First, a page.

“Iranian authorities are trying to create an atmosphere of fear among all lawyers who agree to defend political prisoners,” said Joe Stork, deputy director of Human Rights Watch’s Middle East division. “Many reform supporters arrested after the presidential elections have been denied access to their lawyers, and now they’re finding the lawyers imprisoned with them.”
On July 15, 2009, plainclothes security forces seized human rights lawyer Shadi Sadr on the street while she was walking to attend Friday prayers. On July 21, security forces telephoned Mohammad Seifzadeh, another leading human rights defense lawyer, and threatened to take steps (which they did not specify) to prevent him from continuing his human rights activities.
Hadi Esmaielzadeh and Manijeh Mohammadi were among other human rights lawyers who were questioned by the security section of the Tehran prosecutor’s office a few days after the June 12 election. Seifzadeh, Esmaielzadeh, and Mohammadi are all members of the Human Rights Defenders Center (HRDC), a prominent human rights organization led by Nobel Laureate Shirin Ebadi, which security forces have threatened to close on a number of occasions in recent years.
“They told me not to cooperate with Shirin Ebadi,” Seifzadeh, who is a board member of HRDC, told Human Rights Watch.”
A few technical bits that have occurred in the last month or so, firstly Iran:
“Around a quarter of Iran’s 65 million people are believed to have Internet access. Iran has long used filtering to restrict certain news and political or pornographic Web sites. However, since the election, the number of blocked sites has increased.
Besides Twitter and YouTube, the BBC’s Farsi-language news site is still blocked, and Web sites associated with opposition leader Mir Hossein Mousavi — who says he won the election — are constantly shut down. In the last week, two new Mousavi sites have been created after others were targeted.”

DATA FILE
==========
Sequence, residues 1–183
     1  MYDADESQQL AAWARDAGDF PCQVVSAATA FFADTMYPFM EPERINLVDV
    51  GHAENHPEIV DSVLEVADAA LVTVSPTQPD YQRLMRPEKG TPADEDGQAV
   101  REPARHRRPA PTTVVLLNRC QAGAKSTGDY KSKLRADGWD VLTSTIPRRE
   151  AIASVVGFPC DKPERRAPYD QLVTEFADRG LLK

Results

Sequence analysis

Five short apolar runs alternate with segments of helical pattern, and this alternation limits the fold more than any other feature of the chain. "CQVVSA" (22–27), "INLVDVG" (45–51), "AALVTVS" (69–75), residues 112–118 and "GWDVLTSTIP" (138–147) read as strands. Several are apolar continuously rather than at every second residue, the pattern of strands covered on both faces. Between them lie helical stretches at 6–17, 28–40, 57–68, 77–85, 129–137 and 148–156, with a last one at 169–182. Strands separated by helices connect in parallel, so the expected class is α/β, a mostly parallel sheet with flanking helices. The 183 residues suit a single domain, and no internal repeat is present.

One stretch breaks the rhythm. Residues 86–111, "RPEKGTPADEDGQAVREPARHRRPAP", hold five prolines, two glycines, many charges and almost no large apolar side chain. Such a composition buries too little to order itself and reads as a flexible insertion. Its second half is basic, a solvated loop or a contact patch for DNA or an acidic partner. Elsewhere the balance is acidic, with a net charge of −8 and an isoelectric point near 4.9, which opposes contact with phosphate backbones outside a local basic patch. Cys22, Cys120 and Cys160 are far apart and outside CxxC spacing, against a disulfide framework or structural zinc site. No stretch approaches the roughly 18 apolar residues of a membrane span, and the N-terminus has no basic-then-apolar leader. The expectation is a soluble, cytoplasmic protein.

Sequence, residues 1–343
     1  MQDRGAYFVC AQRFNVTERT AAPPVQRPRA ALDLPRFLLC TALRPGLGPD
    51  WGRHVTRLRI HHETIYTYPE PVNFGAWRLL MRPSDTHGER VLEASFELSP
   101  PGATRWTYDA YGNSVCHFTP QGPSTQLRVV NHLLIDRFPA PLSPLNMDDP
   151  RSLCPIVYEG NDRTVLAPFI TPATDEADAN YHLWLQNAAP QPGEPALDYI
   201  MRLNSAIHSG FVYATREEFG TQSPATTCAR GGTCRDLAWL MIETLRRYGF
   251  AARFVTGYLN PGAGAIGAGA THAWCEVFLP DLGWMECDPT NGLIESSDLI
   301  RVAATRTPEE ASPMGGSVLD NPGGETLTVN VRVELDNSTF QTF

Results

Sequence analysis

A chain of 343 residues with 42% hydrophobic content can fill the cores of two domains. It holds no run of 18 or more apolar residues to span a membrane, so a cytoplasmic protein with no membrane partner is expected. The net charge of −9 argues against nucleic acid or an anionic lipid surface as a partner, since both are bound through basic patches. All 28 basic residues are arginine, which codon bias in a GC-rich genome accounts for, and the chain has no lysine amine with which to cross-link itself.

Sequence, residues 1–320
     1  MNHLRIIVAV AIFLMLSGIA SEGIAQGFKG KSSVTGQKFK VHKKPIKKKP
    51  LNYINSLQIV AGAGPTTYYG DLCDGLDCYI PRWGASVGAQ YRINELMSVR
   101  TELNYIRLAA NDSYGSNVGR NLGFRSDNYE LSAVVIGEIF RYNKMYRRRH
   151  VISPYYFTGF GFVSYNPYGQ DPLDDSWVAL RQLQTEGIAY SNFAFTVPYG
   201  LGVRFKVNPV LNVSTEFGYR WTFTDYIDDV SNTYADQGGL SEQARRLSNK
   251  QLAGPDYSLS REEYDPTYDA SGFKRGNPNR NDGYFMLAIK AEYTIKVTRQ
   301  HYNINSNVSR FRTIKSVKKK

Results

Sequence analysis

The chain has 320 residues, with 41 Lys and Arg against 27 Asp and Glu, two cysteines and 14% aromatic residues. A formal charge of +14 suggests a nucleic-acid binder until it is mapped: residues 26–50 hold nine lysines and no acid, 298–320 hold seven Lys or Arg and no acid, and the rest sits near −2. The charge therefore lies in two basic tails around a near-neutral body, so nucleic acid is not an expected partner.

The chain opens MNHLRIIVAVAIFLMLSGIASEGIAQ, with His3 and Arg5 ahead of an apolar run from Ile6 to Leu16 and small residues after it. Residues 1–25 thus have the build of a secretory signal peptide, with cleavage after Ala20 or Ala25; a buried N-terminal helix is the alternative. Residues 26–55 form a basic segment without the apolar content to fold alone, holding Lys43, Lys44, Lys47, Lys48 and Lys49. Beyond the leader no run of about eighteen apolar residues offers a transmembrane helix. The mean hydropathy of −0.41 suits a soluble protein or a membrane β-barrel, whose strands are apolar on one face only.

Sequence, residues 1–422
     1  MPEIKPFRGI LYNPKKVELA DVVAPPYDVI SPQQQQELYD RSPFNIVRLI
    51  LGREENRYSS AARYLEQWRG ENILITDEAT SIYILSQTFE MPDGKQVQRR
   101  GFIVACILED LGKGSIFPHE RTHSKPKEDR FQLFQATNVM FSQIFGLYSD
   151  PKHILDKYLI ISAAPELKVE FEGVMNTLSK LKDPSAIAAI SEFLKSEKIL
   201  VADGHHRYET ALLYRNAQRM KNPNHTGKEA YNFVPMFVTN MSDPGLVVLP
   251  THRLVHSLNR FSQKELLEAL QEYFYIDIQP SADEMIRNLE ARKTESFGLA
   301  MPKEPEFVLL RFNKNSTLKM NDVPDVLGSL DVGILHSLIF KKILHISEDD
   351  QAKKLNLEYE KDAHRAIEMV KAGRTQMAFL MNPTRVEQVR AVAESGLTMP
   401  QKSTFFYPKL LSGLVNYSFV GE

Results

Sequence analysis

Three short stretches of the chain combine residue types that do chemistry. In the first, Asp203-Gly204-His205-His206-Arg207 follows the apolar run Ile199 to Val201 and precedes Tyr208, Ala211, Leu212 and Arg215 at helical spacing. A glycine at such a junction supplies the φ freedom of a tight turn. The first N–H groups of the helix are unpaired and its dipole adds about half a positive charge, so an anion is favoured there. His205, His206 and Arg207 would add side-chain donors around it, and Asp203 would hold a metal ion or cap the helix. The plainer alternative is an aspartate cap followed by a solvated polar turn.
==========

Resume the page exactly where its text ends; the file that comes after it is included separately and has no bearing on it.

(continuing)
Breaking the silence of suffering children.
Finally, tethering seems to be popular amongst smart phone owners. Basically, the mobile device is used as an external modem for a netbook/laptop, probably connected via a USB cable and the smart phone then provides the onward link to the Internet either via 3G or Wifi.
Update 1: Thanks to ganselmi for reminding me about Nokia’s role:
The Guardian explains:
“The mobile phone company Nokia is being hit by a growing economic boycott in Iran as consumers sympathetic to the post-election protest movement begin targeting a string of companies deemed to be collaborating with the regime.
Wholesale vendors in the capital report that demand for Nokia handsets has fallen by as much as half in the wake of calls to boycott Nokia Siemens Networks (NSN) for selling communications monitoring systems to Iran.”
“According to the Journal, a system installed in Iran by Nokia Siemens Networks — a Finland-based joint venture between Nokia and Siemens — provides Iranian authorities with the ability to conduct deep-packet inspection of online communications to monitor the contents and track the source of e-mail, VoIP calls, and posts to social networking sites such as Twitter, MySpace and Facebook. The newspaper also said authorities had the ability to alter content as it intercepted the traffic from a state-owned internet choke point.”
Update 2: The Iranian State’s measures to control access to the Internet largely failed, thanks to the ingenuity of Iranians, but the fight over the web still goes on, and Iranians have a new ally: Haystack